Story Tilling

My friend Sarah came to visit (from out of state) last weekend. Also this month, she is participating in NaNoWriMo, an international writing challenge to write a 50,000 word draft of a novel during the month of November. I’ve done NaNoWriMo* in the past, but skipped it this year to concentrate on Campfire Tales.

On Friday, Sarah and I watched Dunkirk at the New Beverly Cinema, followed by late-night Mexican food at El Coyote.

Saturday, we lunched on Thai food at Ruen Pair, saw the play The Man Who Came to Dinner at the Actors Co-op, and then baked this pie:

Seriously Black Bottom Pie

Seriously Black Bottom Pie**

Sunday, we took the pie to a church potluck (and ate a whole lot of comfort food, along with a piece of our incredible pie – before it met a very receptive audience), then later dined on Indian food at India’s Clay Pit, and went to a reading of short stories.

What we didn’t do? Write. (Technically.)

tilling – cultivation of the land in order to raise crops ~ Webster’s Dictionary

From now on, instead of accusing myself of procrastination when I’m unable to write — due to actively living my life and discovering new story material (for instance, get this: A waiter with a neck tattoo who speaks like a baby girl, inspirational writing gold!), I’m going to call that time, “Story tilling.”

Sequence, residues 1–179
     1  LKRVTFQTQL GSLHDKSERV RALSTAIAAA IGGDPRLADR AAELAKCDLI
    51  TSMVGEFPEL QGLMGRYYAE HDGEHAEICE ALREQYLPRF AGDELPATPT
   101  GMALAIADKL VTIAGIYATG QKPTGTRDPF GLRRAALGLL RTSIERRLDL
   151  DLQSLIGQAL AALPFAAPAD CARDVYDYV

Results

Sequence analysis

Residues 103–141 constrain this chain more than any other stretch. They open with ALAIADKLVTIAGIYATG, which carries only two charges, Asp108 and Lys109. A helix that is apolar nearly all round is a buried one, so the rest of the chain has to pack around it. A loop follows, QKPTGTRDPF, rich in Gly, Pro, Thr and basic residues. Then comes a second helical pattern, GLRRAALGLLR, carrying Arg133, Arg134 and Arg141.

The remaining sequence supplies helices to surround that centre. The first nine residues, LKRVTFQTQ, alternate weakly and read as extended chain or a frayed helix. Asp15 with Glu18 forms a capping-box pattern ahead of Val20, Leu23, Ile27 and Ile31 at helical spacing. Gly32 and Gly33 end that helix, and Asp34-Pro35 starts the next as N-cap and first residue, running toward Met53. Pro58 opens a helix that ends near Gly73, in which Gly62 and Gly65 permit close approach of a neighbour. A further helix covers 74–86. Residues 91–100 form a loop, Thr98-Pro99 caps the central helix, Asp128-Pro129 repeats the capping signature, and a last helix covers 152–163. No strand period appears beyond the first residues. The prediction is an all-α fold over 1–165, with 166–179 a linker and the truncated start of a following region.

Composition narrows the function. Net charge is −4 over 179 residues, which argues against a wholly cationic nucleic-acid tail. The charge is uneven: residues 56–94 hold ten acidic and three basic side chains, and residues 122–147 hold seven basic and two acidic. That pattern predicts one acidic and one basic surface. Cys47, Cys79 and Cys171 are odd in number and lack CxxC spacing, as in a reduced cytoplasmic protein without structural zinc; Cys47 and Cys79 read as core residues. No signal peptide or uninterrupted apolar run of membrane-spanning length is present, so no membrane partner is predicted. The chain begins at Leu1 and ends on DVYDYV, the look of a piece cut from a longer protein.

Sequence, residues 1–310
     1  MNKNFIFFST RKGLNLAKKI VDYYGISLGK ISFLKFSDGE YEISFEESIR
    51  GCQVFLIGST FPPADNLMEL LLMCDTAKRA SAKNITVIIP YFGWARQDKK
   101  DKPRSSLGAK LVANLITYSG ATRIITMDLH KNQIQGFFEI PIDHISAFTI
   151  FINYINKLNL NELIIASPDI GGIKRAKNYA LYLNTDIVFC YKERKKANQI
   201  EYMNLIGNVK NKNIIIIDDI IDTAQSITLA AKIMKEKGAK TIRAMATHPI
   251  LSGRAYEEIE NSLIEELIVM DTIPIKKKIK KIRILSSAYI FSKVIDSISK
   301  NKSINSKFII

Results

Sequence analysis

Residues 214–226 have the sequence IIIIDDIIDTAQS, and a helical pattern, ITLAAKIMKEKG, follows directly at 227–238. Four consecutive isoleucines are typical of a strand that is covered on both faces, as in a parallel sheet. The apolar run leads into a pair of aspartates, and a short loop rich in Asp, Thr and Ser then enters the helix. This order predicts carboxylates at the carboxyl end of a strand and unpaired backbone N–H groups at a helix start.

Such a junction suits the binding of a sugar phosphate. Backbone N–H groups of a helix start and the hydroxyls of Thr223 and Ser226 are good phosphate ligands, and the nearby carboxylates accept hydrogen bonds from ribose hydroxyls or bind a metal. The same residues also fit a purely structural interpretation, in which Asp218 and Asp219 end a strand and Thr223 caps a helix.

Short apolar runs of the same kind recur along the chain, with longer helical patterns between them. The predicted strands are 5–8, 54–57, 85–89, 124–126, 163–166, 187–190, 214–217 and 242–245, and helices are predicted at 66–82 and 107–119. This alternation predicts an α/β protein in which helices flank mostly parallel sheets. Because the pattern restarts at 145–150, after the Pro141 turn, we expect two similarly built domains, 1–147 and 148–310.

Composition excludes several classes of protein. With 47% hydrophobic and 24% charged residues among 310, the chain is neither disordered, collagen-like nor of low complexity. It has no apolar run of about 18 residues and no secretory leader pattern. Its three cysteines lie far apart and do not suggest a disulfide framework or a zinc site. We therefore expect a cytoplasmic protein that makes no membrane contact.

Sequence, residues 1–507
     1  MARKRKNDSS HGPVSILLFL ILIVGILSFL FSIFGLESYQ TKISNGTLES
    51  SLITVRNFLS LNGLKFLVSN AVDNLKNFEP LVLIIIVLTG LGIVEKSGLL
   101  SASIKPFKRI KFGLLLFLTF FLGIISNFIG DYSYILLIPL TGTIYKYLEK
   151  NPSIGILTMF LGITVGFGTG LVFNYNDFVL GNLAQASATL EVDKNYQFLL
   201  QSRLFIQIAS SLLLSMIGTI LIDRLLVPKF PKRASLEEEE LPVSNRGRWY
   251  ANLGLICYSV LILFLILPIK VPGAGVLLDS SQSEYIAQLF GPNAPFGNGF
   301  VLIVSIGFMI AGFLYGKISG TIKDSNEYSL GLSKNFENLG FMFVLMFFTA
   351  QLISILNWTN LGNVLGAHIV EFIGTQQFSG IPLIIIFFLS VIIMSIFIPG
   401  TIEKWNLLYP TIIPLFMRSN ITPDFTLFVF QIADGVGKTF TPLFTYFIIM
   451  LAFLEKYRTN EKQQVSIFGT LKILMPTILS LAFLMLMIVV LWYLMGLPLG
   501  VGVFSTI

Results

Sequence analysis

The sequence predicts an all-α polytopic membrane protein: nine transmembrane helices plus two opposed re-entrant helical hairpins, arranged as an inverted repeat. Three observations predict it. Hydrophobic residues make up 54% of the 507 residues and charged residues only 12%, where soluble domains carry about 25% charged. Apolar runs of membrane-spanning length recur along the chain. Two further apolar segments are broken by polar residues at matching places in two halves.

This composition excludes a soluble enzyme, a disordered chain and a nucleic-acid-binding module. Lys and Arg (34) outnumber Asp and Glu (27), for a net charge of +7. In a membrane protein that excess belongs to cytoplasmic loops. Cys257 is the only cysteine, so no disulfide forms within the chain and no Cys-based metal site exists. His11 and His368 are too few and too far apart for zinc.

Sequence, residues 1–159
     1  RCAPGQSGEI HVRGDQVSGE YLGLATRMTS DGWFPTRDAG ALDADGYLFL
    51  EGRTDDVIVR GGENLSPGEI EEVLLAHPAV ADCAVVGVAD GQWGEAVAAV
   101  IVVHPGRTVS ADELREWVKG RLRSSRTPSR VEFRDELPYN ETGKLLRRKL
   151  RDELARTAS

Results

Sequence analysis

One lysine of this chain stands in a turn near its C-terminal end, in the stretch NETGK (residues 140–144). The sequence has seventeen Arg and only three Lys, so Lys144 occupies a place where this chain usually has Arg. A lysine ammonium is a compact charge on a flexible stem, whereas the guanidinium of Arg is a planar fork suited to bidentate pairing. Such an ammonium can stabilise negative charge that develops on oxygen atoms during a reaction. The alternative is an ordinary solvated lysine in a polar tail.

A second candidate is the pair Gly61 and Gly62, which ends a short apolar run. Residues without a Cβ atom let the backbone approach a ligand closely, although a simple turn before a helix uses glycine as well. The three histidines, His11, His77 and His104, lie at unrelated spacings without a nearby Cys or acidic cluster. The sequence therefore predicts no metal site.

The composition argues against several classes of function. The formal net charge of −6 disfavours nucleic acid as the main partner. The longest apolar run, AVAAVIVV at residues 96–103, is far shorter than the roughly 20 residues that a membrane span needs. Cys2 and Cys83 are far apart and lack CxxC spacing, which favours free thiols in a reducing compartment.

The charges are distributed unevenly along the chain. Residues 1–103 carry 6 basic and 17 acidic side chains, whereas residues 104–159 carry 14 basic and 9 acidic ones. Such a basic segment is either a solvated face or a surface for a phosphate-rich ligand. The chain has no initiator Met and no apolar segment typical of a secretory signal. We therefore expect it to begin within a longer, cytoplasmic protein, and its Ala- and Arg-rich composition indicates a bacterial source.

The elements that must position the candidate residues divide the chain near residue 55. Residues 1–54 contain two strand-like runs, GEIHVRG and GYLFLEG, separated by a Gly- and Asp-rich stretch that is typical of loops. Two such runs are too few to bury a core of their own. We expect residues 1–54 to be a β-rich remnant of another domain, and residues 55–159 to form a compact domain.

OK, OK… Cheating? Maybe. So what? After many years of, “not writing = guilt,” it’s time to even the scales a bit, and give myself a break. It’s not like we did nothing.

(However, maybe next week I’ll explain how doing nothing is actually just me being “fallow.” Farming term justification is awesome!)

*P.S. Go NaNoWriMo Writers — you can do it! When you need inspiration, I recommend story tilling.

**Recipe from The Southern Pie Book by Jan Moon.

2 thoughts on “Story Tilling

  1. Tilling and fallow – love it, and very appropriate for each of those activities.
    Fertilizing – I wonder what that could be an analogy for?


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